- With visual search gaining steam, tech company Fast Simon has created a suite of artificial intelligence visual discovery tools for merchants to add to their e-commerce sites, the company announced on Monday.
- The service allows shoppers to find items using images from their smartphones, Instagram accounts or store catalogs. The technology can recognize the other objects in the image as well, allowing merchants to "complete a look" for shoppers by offering related products.
- Users of Fast Simon also have access to a dashboard to view analytics on shopper engagement, conversion rate and average order value.
The popularity of visual social media platforms like Instagram and Pinterest, and the increase in social commerce, have made the case in recent years for visual search and purchase capabilities.
Though Fast Simon didn't provide any figures, the company noted that its visual search platform seeks to increase cart size and conversion for merchants. The tech company currently works with brands such as Steve Madden, Natural Life, Motherhood Maternity and A Pea in the Pod.
"Images are one of the most powerful inspirations for shoppers, especially in fashion," Zohar Gilad, CEO of Fast Simon, said in a statement. "Using advanced AI, we are letting merchants provide their shoppers with a powerful engagement medium — visual discovery — and better adapt to the shifts in users' shopping experience preferences."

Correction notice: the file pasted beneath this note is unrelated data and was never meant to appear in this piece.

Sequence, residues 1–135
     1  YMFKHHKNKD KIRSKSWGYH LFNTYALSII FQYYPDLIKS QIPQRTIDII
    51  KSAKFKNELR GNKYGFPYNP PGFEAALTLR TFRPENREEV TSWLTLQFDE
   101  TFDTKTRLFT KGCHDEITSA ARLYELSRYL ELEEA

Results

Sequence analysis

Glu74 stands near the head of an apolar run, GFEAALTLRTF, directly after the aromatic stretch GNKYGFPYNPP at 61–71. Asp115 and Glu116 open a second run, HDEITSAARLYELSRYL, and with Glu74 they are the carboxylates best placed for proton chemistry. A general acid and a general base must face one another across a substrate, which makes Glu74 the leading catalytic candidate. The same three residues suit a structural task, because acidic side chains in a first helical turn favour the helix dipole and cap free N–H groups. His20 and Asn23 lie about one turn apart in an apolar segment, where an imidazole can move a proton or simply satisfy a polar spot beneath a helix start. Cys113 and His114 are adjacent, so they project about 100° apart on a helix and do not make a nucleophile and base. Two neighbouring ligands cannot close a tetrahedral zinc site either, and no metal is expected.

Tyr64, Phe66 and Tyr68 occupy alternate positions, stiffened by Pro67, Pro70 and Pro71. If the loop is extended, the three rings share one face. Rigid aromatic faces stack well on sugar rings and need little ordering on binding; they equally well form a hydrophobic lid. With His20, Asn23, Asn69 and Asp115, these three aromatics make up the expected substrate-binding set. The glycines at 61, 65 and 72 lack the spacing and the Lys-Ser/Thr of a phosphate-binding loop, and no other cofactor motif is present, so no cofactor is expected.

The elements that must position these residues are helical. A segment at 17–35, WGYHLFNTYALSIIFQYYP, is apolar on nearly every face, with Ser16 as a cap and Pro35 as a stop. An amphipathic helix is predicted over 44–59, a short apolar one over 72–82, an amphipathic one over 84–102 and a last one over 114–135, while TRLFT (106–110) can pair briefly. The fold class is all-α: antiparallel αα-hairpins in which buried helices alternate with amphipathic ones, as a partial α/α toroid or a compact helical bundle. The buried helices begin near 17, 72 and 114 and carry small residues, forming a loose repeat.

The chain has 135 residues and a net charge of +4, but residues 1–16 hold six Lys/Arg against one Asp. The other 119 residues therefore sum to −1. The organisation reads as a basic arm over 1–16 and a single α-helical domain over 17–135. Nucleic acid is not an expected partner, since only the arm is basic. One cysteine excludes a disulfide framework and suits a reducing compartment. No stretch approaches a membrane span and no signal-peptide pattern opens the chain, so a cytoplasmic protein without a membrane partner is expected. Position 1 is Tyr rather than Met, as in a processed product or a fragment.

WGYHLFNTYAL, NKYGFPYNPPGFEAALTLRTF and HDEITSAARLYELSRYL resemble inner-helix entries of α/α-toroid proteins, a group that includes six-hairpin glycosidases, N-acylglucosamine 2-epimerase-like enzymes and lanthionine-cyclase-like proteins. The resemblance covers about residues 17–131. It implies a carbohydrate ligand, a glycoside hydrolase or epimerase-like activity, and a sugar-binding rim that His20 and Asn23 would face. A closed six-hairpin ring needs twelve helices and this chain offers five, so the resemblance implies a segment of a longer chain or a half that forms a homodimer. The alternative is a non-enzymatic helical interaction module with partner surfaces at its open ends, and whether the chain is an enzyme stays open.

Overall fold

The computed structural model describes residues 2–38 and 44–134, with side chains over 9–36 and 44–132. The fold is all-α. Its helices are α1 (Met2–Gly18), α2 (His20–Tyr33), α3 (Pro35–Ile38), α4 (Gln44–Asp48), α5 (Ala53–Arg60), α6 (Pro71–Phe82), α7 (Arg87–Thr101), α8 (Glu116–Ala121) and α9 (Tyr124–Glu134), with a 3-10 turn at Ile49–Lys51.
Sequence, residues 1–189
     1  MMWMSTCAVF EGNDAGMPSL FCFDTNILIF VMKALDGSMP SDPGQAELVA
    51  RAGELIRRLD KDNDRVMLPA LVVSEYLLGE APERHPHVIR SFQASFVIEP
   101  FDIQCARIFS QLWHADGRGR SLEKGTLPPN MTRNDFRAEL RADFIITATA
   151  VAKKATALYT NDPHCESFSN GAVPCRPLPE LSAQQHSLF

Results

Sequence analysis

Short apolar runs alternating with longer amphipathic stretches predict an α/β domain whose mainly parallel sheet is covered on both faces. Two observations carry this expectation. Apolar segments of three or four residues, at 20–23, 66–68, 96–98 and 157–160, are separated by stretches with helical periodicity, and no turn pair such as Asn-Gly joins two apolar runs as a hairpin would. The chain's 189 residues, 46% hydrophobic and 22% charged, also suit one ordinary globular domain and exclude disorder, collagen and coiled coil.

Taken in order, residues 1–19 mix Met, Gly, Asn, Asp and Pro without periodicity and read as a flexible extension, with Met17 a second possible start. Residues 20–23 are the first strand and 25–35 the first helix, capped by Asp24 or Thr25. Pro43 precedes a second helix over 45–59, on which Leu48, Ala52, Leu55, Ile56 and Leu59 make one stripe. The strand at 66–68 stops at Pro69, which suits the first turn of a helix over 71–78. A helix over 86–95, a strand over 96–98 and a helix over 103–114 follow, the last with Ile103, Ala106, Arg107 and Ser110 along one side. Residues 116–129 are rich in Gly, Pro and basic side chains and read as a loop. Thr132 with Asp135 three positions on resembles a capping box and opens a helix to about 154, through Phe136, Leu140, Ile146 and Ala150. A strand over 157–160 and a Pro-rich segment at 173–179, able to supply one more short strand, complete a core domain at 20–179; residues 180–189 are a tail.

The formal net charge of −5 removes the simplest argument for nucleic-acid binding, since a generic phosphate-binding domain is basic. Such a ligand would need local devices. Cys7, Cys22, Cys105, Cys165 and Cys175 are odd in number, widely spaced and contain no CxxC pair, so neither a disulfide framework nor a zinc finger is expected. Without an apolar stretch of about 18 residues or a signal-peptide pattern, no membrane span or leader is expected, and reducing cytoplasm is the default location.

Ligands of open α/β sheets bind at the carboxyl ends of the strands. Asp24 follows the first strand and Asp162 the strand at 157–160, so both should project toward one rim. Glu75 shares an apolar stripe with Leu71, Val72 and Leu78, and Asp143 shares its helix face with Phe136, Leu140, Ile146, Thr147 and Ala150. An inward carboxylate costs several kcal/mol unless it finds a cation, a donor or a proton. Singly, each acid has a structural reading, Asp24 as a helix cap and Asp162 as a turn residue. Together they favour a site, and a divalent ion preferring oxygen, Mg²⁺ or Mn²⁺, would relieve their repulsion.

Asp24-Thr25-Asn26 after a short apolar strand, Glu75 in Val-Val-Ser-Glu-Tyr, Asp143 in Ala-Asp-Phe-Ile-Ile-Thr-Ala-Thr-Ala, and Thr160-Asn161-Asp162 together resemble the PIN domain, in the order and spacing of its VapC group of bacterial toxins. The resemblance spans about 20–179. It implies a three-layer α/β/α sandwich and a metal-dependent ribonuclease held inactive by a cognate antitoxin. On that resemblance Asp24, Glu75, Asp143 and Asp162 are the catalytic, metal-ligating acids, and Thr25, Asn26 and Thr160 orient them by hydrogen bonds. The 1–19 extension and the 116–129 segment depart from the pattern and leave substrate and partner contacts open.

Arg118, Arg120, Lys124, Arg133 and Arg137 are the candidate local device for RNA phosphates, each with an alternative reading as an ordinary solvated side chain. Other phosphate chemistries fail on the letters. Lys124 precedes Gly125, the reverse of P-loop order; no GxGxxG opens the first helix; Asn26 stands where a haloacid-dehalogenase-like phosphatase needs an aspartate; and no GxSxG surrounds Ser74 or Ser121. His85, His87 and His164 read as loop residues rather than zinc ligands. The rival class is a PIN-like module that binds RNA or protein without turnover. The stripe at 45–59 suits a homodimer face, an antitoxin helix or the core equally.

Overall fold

As Fast Simon launches its visual search capabilities, established tech companies and newcomers have also carved out their share of the visual search market for themselves over the past few years. In 2018, Farfetch began using Syte's AI visual search technology to enable visual searches on its iOS mobile app. Two years later, Shnap, a visual search technology startup, launched on iOS, Android and Chrome to let users take pictures of items they're seeking and purchase or compare them to similar products.
Last month, Google released visual shopping features to make images on a given webpage searchable and shoppable using Google Lens technology. Social media platforms, too, have been improving their visual search capabilities as they seek to build out their commerce arms.